How many hearts does an octopus have?

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In the oceans we find a vast and wonderful biodiversity about which there is still much to study. Among this fascinating diversity, we find the animals of the order Octopod, that we commonly know as octopuses. These attract attention for their peculiar appearance, in such a way that they have generated various legends and stories about sea monsters, but on the other hand they also generate scientific interest due to various peculiarities that characterize them..

Among the peculiar aspects of octopuses, we find their circulatory system, on which it is said that they have several hearts. But ¿That's right? ¿Do they have several real hearts or just one? If you've ever wondered how many hearts does an octopus have, continue reading this interesting article by AnimalWised, in which we will clarify this question.

You may also be interested: How many brains does an octopus have? Index
  1. How is the circulatory system of octopuses?
  2. So how many hearts do octopuses have?
  3. Why do octopuses have three hearts?

How is the circulatory system of octopuses?

Cephalopods, which is the class to which octopuses belong, are considered the most complex group of invertebrates, since although they have common characteristics with the rest of the mollusks, they have significant differences that place them in a different range. The evolutionary process endowed these animals with particular characteristics that make them a highly competitive group in marine ecosystems.

Despite the presence of a pigment that is not very efficient at using oxygen, thanks to various adaptive strategies they are able to inhabit from the sea floor to areas near the surface. They are also excellent swimmers, they have important defense and attack systems but, in addition, they are very good hunters..

All these advantages could not be developed without the presence of a circulatory system with excellent capabilities. Next, we explain in detail what type of circulatory system octopuses have:

  • Closed circulatory system: the circulatory system of octopuses is closed, that is, the circulating blood remains within the blood vessels.
  • Elastic blood vessels: their blood vessels have elasticity, like that of vertebrates, and are contractile.
  • High blood pressure: heart pulses generate significant blood pressure gradients, which is why these animals have high blood pressure. This is mainly because they have more than one heart..
  • Blue blood: the respiratory pigment in charge of transporting oxygen in the blood is hemocyanin, which is made up of copper and gives the blood of these animals a bluish color. This is dissolved in the blood plasma of octopuses, and not in their cells.
  • Gills with high oxygen uptake: octopuses and cephalopods in general have a low oxygen transport capacity, an aspect that has been resolved with the development of gills with high oxygen uptake and other mechanisms to promote gas exchange.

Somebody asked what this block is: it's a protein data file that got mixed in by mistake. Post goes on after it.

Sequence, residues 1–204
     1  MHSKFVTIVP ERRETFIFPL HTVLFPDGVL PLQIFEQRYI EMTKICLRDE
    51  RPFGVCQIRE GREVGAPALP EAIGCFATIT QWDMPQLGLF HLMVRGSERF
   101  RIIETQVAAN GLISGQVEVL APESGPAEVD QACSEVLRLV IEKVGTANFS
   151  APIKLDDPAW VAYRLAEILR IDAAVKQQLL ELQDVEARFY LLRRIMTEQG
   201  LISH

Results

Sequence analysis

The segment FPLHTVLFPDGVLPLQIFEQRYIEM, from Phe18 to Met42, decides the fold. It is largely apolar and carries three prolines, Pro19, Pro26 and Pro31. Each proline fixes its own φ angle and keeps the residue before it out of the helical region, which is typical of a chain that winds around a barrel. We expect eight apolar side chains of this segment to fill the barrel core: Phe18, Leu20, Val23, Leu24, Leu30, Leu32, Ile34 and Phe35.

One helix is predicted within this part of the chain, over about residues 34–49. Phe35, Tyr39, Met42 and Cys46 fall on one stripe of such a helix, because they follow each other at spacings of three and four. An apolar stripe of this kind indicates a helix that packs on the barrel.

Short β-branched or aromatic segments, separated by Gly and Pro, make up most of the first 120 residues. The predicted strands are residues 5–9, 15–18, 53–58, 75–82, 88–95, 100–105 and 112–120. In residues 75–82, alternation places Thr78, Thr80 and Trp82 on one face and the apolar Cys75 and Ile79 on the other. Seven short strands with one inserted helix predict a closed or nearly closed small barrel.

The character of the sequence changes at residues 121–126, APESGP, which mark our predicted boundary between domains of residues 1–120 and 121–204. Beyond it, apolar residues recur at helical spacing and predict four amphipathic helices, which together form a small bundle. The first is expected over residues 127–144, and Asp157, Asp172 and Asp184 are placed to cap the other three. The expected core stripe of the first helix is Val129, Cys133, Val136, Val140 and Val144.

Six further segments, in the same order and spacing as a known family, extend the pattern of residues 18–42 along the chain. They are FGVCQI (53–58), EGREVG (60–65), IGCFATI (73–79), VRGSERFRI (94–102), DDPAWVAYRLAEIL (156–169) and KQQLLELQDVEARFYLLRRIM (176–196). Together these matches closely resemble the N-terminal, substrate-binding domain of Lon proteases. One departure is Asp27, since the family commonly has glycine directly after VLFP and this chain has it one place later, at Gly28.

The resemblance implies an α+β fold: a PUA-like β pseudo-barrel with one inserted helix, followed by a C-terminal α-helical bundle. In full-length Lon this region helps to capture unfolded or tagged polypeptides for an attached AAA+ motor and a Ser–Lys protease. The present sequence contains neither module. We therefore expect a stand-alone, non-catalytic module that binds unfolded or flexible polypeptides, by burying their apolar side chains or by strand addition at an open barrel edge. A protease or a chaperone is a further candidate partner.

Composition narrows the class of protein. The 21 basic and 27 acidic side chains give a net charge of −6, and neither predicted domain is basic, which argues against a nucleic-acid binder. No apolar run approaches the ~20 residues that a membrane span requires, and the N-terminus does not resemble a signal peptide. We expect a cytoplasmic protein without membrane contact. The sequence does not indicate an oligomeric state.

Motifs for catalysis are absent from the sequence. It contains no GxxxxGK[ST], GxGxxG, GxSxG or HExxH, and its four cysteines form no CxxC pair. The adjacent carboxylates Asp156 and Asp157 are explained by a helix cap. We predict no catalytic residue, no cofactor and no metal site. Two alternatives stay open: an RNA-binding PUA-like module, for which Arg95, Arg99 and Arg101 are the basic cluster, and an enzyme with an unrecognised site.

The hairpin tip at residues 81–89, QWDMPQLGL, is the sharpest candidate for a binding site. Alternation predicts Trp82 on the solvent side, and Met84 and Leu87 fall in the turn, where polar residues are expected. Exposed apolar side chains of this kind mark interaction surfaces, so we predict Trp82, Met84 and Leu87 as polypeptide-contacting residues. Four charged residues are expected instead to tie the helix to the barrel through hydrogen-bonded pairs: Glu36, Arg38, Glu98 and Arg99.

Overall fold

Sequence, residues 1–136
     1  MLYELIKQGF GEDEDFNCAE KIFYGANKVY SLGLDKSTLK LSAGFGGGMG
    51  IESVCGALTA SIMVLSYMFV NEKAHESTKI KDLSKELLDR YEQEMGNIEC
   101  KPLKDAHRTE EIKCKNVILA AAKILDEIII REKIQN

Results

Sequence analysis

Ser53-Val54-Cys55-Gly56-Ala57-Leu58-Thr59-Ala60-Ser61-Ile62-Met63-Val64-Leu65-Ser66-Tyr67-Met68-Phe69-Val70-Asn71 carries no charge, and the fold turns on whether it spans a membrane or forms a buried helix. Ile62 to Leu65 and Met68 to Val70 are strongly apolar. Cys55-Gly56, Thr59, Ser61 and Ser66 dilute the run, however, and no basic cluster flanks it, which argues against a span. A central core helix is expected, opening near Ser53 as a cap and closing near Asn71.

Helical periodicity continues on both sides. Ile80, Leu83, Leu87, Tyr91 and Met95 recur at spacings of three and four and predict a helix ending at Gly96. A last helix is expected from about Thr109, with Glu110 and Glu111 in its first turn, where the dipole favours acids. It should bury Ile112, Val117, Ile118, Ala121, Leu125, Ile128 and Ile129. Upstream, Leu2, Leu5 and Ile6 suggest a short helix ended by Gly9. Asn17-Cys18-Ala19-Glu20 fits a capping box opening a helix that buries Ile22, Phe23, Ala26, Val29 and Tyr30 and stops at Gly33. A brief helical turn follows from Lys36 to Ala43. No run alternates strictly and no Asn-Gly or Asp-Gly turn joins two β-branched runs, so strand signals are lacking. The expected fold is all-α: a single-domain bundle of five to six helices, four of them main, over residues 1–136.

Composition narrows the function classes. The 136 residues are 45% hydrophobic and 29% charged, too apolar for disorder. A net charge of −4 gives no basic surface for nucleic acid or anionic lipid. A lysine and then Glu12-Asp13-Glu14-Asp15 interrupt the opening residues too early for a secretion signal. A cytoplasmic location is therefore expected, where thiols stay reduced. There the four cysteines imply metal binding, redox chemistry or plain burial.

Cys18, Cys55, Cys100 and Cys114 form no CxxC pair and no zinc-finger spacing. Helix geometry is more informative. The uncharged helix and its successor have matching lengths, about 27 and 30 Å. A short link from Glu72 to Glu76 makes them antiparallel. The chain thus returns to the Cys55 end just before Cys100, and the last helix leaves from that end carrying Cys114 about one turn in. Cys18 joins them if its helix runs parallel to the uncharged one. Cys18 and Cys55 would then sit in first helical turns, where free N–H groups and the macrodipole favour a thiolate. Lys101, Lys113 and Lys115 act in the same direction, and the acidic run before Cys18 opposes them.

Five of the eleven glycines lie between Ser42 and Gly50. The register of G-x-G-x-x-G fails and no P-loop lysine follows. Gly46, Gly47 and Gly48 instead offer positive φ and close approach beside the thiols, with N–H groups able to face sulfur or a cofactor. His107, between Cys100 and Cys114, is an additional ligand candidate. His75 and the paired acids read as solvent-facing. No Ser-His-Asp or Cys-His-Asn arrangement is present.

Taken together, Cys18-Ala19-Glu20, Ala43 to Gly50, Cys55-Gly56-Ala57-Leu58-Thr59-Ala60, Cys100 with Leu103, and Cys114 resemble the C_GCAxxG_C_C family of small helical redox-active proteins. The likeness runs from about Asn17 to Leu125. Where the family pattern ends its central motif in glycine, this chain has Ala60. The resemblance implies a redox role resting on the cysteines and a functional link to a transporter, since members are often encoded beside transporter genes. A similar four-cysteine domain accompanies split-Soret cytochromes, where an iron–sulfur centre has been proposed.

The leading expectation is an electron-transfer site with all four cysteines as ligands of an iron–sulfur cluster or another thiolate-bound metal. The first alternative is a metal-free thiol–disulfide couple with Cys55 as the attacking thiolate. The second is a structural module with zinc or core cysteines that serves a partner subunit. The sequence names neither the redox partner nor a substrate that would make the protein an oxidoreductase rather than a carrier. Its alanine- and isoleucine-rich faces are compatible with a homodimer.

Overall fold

• They vary the volume of blood in their gills: they have the ability to vary the volume of blood in their gills, depending on the oxygen requirements at a particular time.
  • Slimy blood: they have viscous blood, since although the water content of the blood is high, so is the solid content.

Now that we know more about the circulatory system of octopuses, let's see how many hearts these animals have and why.

So how many hearts do octopuses have?

Octopuses have 3 hearts, one called systemic or arterial and two branchial. Next, we will explain the differences of each one.

Systemic or arterial heart

This heart is made up of a ventricle, to which the main arteries, and two atria that receive blood from the gills. This heart pumps blood throughout the body and is an optimal organ to distribute the high amounts of blood tissue that these animals require.

Gill hearts

The two gill hearts are smaller in size and act as auxiliary pumps, sending blood to the gills, where the blood oxygenate will occur so that it can later be distributed to the rest of the body, thus oxygenating it completely.

In the following image we can see where the 3 hearts of the octopuses are located.

Image: Pinterest

Why do octopuses have three hearts?

Despite possessing various traits that make them quite advanced animals, octopuses have some unfavorable characteristics for their own species. This has led them to adapt or evolve to optimize their survival in the short life span they usually have (3-5 years, depending on the species). Under these circumstances, the presence of the three hearts in octopuses plays a primary role. On the one hand, the ability to increase or decrease their blood volume helps them especially when hunting their prey or when fleeing from a predator..

On the other hand, octopuses tend to prefer the seabed, which is often lacking in oxygen. However, their gills are highly efficient at absorbing what little oxygen there may be, even exceeding that of fish, allowing them to access prey that other marine animals cannot reach..

To all this, we must add that aquatic animals are under greater pressure than those that inhabit terrestrial ecosystems..

As we have seen, it is thanks to the presence of the three hearts that octopuses have a complex circulatory system, which allows them to have a fairly optimal organism to inhabit the marine ecosystem and survive as a species.

Although octopuses are not the only animals with more than one heart, they attract attention for their peculiar anatomy, but also because scientific studies increasingly show greater singularities of these animals, among which is their outstanding intelligence.

¿Did you know that octopuses are also said to have 3 hearts and 9 brains? But ¿That's right? In this other AnimalWised article, we explain ¿How many brains does an octopus have??

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